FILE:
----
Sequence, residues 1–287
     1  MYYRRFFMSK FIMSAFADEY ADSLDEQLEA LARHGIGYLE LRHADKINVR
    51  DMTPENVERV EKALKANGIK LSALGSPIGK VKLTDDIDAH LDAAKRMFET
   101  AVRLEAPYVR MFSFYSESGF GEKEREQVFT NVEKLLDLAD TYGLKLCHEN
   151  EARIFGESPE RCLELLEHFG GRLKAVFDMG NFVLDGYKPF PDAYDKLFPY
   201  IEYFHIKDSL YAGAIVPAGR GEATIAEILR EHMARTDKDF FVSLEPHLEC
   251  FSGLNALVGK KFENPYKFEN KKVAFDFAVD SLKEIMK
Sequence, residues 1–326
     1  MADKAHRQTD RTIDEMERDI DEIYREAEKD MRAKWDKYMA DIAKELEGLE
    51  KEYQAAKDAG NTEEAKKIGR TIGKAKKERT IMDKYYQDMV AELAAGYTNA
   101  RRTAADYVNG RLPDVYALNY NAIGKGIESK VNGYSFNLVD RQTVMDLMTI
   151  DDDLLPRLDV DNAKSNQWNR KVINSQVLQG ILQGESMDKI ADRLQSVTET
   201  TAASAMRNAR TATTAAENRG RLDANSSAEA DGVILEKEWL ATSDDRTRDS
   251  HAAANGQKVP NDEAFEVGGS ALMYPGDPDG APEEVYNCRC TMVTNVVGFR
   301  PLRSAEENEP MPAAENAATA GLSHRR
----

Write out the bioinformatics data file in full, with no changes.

Sequence, residues 1–287
     1  MYYRRFFMSK FIMSAFADEY ADSLDEQLEA LARHGIGYLE LRHADKINVR
    51  DMTPENVERV EKALKANGIK LSALGSPIGK VKLTDDIDAH LDAAKRMFET
   101  AVRLEAPYVR MFSFYSESGF GEKEREQVFT NVEKLLDLAD TYGLKLCHEN
   151  EARIFGESPE RCLELLEHFG GRLKAVFDMG NFVLDGYKPF PDAYDKLFPY
   201  IEYFHIKDSL YAGAIVPAGR GEATIAEILR EHMARTDKDF FVSLEPHLEC
   251  FSGLNALVGK KFENPYKFEN KKVAFDFAVD SLKEIMK
Sequence, residues 1–326
     1  MADKAHRQTD RTIDEMERDI DEIYREAEKD MRAKWDKYMA DIAKELEGLE
    51  KEYQAAKDAG NTEEAKKIGR TIGKAKKERT IMDKYYQDMV AELAAGYTNA
   101  RRTAADYVNG RLPDVYALNY NAIGKGIESK VNGYSFNLVD RQTVMDLMTI
   151  DDDLLPRLDV DNAKSNQWNR KVINSQVLQG ILQGESMDKI ADRLQSVTET
   201  TAASAMRNAR TATTAAENRG RLDANSSAEA DGVILEKEWL ATSDDRTRDS
   251  HAAANGQKVP NDEAFEVGGS ALMYPGDPDG APEEVYNCRC TMVTNVVGFR
   301  PLRSAEENEP MPAAENAATA GLSHRR